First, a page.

The guys finished sixth out of 11 competing schools where they finished the tournament at 17 over par with their best round being the opening one, shooting a 290. With an 881 on the tournament, the Choctaws only finished one stroke behind the host team Henderson State at 880. J.J Logue was the top performing Choctaw by far as he tied for sixth on the individual leaderboard at three under par. Tomas Kubata also performed well as he tied for 21st at four over par with Adam Murphree tying for 38th, as he finished 10 over par. Other Choctaws included Bryson Jones and Grant Mahaney, who were both just behind Murphree as they both shot 11 over for a tie for 41st finish. Henderson State won the tournament overall with Arkansas Tech and Southern Arkansas following them for the all Natural State podium finish. 

Even with only six total schools competing in the women’s tournament, the Lady Choctaws finished second at the Rhodes Classic as they shot a total of 640 in the two days as a team. Sarah Hodson proved that she was once again one of the best in the field as she finished second individually with a four over par. Jenna Belton and Lydia Welborn tied for ninth on the tournament with sixteen over and Miriam McCoy tying for 30th at 28 over. Not far behind were Ellie Smith and Malia Kossina, who shot 31 and 32 over par respectively with Anna Kennedy rounding out MC in 41st place at 61 over. Host team Rhodes College came out on top with Milsaps College, only three strokes behind the Lady Choctaws, in third.

While the men don’t have any upcoming tournament, the women have a week-long break before returning to action. The Lady Choctaws have yet another tournament in Tennessee, this time hosted by Freed-Hardeman University on the 18th and 19th of October.

Huge Second Half Gives Choctaws Crucial Non-Conference Win / Jace Aymond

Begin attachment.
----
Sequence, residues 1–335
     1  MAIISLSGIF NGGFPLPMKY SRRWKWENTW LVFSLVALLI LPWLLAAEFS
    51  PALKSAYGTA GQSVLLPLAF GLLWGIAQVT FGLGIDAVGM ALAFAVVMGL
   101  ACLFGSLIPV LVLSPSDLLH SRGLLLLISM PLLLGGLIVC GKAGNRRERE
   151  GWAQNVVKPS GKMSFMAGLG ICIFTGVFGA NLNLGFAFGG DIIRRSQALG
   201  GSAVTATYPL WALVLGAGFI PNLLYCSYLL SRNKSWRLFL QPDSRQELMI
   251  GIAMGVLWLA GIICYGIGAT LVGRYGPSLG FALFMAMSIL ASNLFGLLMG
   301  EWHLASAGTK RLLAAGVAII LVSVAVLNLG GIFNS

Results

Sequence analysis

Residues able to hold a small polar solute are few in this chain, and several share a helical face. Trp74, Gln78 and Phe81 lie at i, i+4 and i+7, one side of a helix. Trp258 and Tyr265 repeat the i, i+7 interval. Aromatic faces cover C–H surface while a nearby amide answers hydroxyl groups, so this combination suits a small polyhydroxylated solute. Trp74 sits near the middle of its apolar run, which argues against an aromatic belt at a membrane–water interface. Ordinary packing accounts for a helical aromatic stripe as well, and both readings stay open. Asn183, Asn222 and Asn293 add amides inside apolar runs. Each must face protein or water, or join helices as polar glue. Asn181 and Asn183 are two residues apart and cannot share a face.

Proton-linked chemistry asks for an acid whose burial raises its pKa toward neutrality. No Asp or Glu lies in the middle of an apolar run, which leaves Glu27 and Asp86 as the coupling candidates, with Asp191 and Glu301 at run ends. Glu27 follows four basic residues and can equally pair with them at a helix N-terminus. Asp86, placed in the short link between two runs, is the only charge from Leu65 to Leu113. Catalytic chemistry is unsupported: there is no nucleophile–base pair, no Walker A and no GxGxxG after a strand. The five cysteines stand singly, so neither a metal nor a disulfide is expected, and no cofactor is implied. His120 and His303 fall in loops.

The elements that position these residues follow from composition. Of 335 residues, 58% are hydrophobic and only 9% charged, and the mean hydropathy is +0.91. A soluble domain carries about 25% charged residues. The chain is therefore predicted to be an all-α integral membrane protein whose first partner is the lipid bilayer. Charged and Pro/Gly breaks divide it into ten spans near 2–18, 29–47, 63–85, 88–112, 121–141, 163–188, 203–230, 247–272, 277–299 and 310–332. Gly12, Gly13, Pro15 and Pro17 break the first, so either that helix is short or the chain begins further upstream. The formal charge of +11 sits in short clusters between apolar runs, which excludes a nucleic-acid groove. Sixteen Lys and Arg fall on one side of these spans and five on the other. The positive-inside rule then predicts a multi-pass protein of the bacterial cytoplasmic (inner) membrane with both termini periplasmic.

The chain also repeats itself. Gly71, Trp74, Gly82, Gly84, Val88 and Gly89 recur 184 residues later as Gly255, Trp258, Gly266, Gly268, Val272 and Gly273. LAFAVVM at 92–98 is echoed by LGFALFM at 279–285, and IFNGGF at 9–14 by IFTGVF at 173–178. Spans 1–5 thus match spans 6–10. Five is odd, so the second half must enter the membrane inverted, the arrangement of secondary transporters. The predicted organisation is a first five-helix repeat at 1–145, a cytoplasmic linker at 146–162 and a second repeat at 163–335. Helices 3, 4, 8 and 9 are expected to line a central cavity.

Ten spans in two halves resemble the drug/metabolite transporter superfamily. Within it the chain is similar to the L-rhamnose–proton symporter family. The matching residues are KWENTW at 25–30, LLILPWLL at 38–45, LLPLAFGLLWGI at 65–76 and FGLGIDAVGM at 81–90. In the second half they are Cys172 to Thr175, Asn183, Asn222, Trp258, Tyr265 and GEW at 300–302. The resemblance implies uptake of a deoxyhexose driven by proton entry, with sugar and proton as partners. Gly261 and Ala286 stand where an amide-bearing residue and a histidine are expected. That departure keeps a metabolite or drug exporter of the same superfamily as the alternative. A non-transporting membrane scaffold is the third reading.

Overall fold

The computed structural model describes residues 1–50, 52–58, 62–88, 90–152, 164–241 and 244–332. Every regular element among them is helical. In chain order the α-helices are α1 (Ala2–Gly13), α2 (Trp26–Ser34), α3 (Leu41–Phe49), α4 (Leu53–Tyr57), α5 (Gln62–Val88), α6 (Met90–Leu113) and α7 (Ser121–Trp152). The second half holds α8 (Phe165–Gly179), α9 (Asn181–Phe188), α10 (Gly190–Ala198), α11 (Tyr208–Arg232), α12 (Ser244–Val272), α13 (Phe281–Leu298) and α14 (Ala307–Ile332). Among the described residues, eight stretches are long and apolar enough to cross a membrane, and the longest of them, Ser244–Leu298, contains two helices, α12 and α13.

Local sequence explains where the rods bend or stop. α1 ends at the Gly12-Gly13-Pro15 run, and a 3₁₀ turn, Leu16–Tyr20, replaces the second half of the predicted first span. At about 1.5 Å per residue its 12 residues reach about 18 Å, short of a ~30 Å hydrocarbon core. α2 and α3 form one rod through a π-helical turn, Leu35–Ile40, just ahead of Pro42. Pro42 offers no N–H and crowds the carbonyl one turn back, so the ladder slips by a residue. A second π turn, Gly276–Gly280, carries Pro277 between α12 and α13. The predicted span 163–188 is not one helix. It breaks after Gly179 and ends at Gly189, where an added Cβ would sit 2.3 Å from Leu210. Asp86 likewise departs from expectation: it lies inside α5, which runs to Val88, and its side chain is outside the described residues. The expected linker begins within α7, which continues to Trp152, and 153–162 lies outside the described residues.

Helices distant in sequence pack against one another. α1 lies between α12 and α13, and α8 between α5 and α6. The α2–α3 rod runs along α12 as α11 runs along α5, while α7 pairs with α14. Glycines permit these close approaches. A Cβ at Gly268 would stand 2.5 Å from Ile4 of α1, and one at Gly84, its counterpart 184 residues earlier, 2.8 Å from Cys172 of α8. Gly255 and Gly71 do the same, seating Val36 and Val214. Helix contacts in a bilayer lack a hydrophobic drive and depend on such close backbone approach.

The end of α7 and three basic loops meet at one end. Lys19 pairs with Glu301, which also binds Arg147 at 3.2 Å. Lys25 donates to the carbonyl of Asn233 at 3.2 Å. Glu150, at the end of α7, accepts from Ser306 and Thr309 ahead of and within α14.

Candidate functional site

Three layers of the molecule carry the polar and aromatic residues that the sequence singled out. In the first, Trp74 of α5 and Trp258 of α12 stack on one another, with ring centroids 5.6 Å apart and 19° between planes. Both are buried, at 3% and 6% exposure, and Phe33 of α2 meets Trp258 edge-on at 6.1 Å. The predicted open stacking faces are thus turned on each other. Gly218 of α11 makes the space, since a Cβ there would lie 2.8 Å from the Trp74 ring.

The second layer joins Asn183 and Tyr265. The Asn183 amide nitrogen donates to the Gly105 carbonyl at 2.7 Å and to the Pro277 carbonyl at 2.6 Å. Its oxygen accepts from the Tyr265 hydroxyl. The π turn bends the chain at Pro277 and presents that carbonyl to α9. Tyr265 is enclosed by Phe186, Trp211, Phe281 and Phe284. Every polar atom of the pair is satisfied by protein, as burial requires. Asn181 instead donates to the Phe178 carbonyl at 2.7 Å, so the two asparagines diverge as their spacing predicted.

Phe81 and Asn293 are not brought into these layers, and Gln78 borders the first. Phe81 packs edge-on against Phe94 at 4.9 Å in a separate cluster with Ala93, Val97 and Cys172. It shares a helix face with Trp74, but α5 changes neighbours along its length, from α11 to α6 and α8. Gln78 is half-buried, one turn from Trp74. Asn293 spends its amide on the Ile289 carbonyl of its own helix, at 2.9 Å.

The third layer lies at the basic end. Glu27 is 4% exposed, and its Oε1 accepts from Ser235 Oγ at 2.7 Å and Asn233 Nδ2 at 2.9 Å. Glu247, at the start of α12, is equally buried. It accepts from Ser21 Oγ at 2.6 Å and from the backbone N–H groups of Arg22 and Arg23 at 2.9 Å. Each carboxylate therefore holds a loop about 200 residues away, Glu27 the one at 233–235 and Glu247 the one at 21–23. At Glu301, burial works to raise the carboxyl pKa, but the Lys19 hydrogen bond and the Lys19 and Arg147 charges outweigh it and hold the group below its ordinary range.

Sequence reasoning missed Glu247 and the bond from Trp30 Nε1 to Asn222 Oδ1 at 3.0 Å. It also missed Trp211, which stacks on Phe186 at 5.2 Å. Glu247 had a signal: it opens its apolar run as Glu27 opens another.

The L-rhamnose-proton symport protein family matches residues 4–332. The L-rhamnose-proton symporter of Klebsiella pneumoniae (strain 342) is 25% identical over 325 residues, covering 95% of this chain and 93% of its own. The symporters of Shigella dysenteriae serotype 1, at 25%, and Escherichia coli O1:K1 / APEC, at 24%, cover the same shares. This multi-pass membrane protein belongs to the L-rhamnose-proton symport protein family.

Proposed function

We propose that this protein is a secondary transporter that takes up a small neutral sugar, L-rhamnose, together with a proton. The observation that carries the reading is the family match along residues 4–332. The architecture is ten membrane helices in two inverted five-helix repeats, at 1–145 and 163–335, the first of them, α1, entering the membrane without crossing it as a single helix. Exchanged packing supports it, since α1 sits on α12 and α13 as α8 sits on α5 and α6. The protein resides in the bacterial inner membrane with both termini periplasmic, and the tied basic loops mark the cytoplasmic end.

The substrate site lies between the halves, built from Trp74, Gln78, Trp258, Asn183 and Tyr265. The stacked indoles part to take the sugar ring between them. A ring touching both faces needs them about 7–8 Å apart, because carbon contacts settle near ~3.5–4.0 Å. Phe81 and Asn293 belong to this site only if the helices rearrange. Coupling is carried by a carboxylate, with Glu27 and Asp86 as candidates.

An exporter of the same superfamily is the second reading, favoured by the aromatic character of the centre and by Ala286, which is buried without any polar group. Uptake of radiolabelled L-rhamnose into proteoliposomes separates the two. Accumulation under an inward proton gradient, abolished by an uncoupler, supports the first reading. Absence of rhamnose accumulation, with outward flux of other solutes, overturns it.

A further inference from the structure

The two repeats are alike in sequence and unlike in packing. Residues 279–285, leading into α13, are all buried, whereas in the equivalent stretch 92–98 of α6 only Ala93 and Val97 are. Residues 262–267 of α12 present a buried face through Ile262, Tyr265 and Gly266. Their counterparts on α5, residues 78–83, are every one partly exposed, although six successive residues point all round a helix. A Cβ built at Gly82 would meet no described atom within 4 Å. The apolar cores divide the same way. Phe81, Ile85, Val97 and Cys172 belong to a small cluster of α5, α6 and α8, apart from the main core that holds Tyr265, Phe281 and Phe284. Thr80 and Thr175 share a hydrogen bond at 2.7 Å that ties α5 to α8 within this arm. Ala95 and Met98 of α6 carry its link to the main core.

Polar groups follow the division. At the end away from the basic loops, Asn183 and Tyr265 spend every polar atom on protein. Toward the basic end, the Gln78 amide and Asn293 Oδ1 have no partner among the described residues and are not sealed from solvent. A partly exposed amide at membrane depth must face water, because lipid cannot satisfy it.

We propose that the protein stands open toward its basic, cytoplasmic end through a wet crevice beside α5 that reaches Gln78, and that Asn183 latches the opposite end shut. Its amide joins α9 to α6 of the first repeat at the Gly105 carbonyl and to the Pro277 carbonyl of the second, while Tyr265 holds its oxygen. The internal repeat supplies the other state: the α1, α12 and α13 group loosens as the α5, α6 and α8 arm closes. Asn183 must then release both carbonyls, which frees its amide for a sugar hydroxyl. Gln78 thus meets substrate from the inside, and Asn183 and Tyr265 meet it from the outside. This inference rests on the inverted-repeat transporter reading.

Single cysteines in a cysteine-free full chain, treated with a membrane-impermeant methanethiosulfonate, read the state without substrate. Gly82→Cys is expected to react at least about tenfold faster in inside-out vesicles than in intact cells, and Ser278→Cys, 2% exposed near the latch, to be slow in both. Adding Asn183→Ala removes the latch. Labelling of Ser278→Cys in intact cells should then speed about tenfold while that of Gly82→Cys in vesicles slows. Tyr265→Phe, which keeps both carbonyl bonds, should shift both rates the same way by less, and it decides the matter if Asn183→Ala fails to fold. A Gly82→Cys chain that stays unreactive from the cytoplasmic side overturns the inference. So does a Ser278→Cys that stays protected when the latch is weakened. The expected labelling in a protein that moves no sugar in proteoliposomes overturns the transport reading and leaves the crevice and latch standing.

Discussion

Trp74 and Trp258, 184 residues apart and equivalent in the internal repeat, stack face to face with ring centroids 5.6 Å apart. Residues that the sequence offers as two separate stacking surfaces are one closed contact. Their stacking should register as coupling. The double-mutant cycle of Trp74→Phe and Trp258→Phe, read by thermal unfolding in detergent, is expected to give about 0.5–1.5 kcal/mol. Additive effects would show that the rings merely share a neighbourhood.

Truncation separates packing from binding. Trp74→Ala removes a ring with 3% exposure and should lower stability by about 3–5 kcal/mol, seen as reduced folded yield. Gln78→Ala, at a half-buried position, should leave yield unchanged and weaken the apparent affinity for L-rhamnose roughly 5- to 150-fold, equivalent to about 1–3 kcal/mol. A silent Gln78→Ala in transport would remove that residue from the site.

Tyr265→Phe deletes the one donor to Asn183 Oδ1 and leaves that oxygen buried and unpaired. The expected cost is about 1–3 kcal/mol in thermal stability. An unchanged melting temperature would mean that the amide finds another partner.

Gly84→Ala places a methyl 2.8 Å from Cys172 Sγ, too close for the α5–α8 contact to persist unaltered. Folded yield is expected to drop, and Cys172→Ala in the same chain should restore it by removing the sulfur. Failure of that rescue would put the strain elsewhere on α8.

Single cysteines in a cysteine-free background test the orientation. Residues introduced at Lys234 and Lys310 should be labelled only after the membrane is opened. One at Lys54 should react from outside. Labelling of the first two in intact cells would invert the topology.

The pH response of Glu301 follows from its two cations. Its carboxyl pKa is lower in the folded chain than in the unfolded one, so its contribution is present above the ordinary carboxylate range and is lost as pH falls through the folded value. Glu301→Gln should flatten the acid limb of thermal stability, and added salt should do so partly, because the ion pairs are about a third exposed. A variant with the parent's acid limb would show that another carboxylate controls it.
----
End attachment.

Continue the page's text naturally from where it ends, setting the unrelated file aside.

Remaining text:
After a relatively quiet first half between the Choctaws and the Patriots of UT-Tyler, MC’s offense exploded in the second half, producing all four of their goals in only a 10-minute span. Defensively, the team held strong as well, as they added a shutout to their already impressive win. 

No true chances came in the first half by either squad, even though MC had eight shots. However, from the 70th to the 80th minute, the Choctaws offensive shone bright. Noah Wagner picked up his seventh goal in the 70th minute of the match to get the Choctaws rolling with Antoine Recizac following his lead with a strike just three minutes later. The leader of the offense on the afternoon was Filippo Bellu, who scored his first two goals of the season with beautiful plays in the 77th and 80th minutes. With Wagner, two other Choctaws got assists as well on the day in Santi Diosa and Guilherme Santos. The Choctaws outshot the Patriots 15 to 5 with the Patriots only mustering one shot on target in the entire match. 

With the win, the Choctaws now have not lost a match in four games and currently sit in fourth place in the Gulf South Conference standings with a 5-4-1 overall record. The Chcoctaws are third in the conference in least goals allowed per match at .88 in their 10 games. Individually, Noah Wagner is tied for first in shots on target with Union’s Gavin Scott with 1.7 per match and is tied for second in goals with his seven total. Goalkeeper Alejandro Chavarria is quietly having a great season as he is third in the GSC of goals against average and fourth save percentage. 

The Choctaws have their final non-conference game of the season when they travel to LSU-Alexandria this upcoming Monday, the 11th. Kickoff against the Generals is set for three in the afternoon.

Laurendine Makes History n Dominant Win / Jace Aymond

The Mississippi College volleyball team return home after a two-game road trip where they took on West Alabama. The Lady Choctaws cruised to a victory, winning in straight sets which puts them at 5-6 on the season with a 3-3 GSC record. The Tigers are still winless on the year and have dropped the last six meetings between the two teams. 

The first set saw the Lady Choctaws easily slide into a 25-18 victory and even started the second set hot with a 12-3 advantage. The Tigers didn’t go down quietly, but MC still easily handled the second set, 25-16. The third and final set saw UWA lead for almost its entirety, but the Lady Choctaws ended the match on an impressive 10-1 run to seal the victory.

The big note of the night though, was Lexie Laurendine becoming the new leader in assists in program history. With a team-best 21 on the night, she passes Sydney Chandler with a patriotic 1,776 assists in only her junior year. She also led the team in kills with 10 against the Tigers. Three Lady Choctaws had double digit digs on the night, including Missy Beber, who is second in the Gulf South Conference in that category, averaging 4.7 per set. Stevie Nesbit led the squad in blocks with three as well.